We had an interesting parallel in therapy today, in going from the reasons behind Simon's meltdowns, and my own inability to sit with the fact that the world has a lot of inequality. The average autism meltdown is often caused by a situation that can't be reconciled logically, because of the way that you're wired. For my boy, sometimes that's as simple as him not being able to reconcile that an undesirable behavior results in punitive consequences. As my therapist pointed out, I can't easily reconcile issues of inequality in the world, and it leads to quiet tailspins in my head that make it difficult to move on from. I'm still trying to decide if I want to pursue a formal autism diagnosis for myself, but the parallels here are stunning. Seeing it like this now is a serious breakthrough.
For a long time, I've worked on the assumption that my desire to be right or correct about certain things was rooted in some level of narcissism, ego, or just needing to be right because my step-father always insisted that I was wrong about everything (mommy and daddy issues are often core to psychological challenges, because they are after all your first instructors in human interaction). It certainly can be about those things, but if it was, there should be some kind of dopamine hit or satisfaction when I "win" on a particular issue. I rarely experience that. When I'm right about something, I just move on without celebration. When I can't rationalize the outcome, it just sits with me and grinds my gears.
Inequality, whether it concerns race, gender, sexual identity or any of those things, is inherently irrational. I have a lot of anxiety about "solving" it, which of course is not something any one person can do. This leaves me in the state of impossible reconciliation: I observe a state that should not be, and it leaves me stuck, unable to move off of it. I can apply this to a great many things in my life, professionally, in parenting, in relationships, that get me stuck and unable to act.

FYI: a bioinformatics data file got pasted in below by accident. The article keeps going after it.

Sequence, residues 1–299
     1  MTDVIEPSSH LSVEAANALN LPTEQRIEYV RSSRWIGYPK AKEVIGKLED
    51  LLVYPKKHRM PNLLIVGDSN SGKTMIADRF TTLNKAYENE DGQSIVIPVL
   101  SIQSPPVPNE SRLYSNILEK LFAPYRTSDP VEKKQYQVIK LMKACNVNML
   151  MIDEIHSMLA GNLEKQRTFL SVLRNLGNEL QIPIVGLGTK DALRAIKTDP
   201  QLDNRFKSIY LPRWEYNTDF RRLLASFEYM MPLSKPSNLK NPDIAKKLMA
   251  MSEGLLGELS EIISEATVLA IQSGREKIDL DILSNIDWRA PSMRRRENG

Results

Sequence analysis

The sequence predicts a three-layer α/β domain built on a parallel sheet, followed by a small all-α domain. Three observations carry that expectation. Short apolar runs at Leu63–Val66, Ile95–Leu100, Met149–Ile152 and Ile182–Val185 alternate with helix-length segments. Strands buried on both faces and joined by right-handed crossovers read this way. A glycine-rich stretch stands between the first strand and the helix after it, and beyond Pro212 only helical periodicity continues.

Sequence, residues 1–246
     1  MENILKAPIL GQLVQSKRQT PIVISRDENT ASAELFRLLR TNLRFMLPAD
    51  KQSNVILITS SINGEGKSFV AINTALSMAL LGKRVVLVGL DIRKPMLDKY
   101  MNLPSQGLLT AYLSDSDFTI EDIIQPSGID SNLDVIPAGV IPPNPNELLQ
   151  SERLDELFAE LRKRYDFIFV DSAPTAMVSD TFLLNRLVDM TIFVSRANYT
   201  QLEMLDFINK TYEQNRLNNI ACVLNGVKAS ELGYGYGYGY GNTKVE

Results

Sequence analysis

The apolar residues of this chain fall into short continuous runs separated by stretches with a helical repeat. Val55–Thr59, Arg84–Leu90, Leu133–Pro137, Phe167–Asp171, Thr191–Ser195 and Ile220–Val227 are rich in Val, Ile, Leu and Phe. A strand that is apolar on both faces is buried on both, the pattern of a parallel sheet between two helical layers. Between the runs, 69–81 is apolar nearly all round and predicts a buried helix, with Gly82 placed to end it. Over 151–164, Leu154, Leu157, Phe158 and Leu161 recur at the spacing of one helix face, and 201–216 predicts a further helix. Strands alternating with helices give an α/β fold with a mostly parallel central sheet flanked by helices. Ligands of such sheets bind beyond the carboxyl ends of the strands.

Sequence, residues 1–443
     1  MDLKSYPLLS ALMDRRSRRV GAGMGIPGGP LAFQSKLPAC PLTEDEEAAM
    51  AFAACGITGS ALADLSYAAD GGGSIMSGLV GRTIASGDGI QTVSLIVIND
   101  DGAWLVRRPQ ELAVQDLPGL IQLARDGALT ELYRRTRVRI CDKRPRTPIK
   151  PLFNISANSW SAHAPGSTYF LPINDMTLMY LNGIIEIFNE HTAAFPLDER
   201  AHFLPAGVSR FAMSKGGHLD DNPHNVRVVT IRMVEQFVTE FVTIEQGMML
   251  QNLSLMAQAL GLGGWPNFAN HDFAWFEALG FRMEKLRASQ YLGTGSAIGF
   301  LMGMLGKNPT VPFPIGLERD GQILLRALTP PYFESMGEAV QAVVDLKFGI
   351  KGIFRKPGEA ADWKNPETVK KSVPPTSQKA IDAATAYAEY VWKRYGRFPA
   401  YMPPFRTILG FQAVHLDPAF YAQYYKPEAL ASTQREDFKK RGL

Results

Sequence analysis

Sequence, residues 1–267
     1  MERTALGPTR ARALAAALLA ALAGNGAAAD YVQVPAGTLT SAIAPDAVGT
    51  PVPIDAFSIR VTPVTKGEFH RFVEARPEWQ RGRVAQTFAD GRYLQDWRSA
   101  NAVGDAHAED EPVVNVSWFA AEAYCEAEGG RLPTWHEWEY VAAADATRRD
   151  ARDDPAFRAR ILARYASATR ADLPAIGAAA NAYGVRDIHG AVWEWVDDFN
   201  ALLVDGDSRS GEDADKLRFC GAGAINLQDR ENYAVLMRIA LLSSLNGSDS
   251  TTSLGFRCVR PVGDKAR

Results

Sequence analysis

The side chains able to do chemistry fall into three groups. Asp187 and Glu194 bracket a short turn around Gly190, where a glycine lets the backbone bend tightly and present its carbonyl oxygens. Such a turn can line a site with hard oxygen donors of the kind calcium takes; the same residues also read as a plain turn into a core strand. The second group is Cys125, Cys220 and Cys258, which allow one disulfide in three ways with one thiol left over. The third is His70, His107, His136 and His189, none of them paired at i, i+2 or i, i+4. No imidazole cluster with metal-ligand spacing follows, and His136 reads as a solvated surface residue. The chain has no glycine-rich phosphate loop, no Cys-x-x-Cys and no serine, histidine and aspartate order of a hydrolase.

To be clear, this is a starting point in a longer conversation. You don't solve things in therapy in 55 minutes, but you can often identify patterns and then work out how you roll with those patterns. These irreconcilable situations are in many ways silent meltdowns. I'm old enough, and have practice controlling my outward emotions, but I think what's going on in these situations plays a huge part in my frequent feelings of mental spentness. Instead of lying on the floor kicking and screaming, I play the situation back in my head on endless repeat and generate anxiety.
I'm going to be on the look out for this now. What do I encounter that I can't just sit with, and why? Am I having the grownup equivalent of a quiet meltdown? Is this autism wiring? There are more questions than answers, but I'll take it.